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No, the probability of an outcome can't be more than 1.

Q: Can the probability of an outcome be more than 1?

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larger than 1

Probability is the chance something is going to happen. It has to be DO/PO DO= desired outcome PO= probable outcome. The probability can not be 1 because it has to be a percent chance of out of a fraction, which are both smaller than 1.

No. The probability of an outcome (or event) is always a number between 0 and 1.

An outcome is what actually happens, while the probability of that outcome is how likely that particular thing is to happen. Say I was flipping a coin. The probability of the outcome of heads is 1/2 because there are 2 possible outcomes and heads is only 1 of them. Then when I flip the coin, it lands on tails. The outcome is tails.

Whenever there is only one possible outcome of an experiment, the probability of this outcome is 1, which you can also write as 100%.

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No. The probability of any event must, by definition, be in the interval [0, 1].

larger than 1

Probability is the chance something is going to happen. It has to be DO/PO DO= desired outcome PO= probable outcome. The probability can not be 1 because it has to be a percent chance of out of a fraction, which are both smaller than 1.

No. The probability of an outcome (or event) is always a number between 0 and 1.

It depends on the particular problem. An outcome of 1, for example, is one of the outcomes of rolling a standard six-sided die.A probability of 1, however, which is what the question might mean, means that the outcome is certain to occur, but that outcome is not necessarily 1. This is one of the distinctions between probability and outcome - they are not the same thing.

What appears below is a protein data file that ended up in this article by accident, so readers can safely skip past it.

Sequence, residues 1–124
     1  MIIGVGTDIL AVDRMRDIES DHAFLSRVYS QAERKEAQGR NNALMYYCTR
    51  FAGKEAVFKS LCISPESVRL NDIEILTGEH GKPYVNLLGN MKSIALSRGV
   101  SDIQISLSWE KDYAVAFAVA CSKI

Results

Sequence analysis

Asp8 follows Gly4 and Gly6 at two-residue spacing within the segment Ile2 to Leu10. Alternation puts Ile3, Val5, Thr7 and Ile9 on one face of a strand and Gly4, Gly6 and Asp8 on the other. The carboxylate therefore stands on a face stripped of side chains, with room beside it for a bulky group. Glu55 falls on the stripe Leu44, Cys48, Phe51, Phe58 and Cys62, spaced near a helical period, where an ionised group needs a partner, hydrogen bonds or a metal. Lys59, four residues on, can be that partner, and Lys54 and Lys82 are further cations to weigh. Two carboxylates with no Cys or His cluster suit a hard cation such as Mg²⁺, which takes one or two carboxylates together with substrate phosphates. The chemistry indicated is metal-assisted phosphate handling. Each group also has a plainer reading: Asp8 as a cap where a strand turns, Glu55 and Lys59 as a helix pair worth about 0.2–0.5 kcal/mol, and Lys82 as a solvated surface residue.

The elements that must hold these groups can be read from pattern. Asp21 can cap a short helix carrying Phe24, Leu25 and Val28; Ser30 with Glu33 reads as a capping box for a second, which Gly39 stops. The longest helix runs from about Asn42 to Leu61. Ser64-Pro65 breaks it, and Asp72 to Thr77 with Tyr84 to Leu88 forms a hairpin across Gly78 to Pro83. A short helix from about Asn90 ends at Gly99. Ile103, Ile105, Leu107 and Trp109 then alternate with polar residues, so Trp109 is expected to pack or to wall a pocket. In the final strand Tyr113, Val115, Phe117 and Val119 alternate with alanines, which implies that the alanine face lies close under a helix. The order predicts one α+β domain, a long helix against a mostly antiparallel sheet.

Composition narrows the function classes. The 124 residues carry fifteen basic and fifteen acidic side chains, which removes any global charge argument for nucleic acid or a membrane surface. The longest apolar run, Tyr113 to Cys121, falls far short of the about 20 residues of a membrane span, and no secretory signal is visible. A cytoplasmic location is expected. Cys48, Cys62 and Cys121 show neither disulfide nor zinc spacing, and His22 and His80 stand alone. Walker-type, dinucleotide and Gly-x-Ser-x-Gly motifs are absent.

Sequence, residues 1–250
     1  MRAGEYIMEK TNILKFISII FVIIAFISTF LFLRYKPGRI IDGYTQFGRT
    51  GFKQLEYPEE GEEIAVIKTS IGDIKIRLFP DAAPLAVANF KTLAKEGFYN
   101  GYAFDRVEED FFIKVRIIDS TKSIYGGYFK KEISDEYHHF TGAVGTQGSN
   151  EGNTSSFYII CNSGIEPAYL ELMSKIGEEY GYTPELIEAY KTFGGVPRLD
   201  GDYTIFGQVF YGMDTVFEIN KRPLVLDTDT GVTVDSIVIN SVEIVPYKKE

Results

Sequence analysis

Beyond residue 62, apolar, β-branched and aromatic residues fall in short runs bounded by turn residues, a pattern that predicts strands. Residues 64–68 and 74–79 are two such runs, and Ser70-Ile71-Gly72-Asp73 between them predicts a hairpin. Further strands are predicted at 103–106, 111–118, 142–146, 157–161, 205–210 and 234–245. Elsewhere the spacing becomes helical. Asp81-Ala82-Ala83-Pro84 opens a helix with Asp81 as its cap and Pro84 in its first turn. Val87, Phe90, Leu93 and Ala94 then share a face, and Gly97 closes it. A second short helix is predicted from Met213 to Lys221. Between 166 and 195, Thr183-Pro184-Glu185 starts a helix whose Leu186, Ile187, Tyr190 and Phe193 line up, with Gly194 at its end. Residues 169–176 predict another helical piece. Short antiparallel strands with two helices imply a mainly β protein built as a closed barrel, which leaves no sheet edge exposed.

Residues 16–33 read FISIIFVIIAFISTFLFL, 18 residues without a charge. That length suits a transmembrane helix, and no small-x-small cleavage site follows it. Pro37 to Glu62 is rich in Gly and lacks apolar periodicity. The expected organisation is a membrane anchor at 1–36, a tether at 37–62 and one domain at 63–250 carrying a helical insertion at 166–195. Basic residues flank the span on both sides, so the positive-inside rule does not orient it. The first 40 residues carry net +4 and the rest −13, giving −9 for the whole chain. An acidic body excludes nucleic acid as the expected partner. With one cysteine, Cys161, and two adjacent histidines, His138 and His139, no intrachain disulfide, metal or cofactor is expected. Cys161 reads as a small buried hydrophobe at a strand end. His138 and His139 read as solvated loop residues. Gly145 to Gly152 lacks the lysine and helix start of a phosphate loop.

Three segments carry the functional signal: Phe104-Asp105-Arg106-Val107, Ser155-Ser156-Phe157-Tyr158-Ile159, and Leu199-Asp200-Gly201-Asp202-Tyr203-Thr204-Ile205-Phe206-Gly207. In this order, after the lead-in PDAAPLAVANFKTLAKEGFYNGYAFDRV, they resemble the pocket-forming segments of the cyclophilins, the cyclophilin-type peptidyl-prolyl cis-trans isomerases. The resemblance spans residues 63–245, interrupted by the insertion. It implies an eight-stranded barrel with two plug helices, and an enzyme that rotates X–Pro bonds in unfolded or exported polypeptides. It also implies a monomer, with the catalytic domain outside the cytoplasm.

An outcome is what actually happens, while the probability of that outcome is how likely that particular thing is to happen. Say I was flipping a coin. The probability of the outcome of heads is 1/2 because there are 2 possible outcomes and heads is only 1 of them. Then when I flip the coin, it lands on tails. The outcome is tails.

Each outcome is equally likely and so the probability of each outcome is 1/36.

When an event is repeated, the probability of it occurring is squared. For instance, if an outcome had the probability of 1/4, then the outcome happening twice would have a probability of 1/16. Note, however, that this does not mean that the second event has different probabilities. That particular outcome will always be 1/4, regardless of anything that happened before it.

That's the same as the total probability (1) minus the probability of seven heads. So: 1 - (1/2)7 = 127/128

Whenever there is only one possible outcome of an experiment, the probability of this outcome is 1, which you can also write as 100%.

The probability is 1/2 because the second outcome has no affect on the first outcome.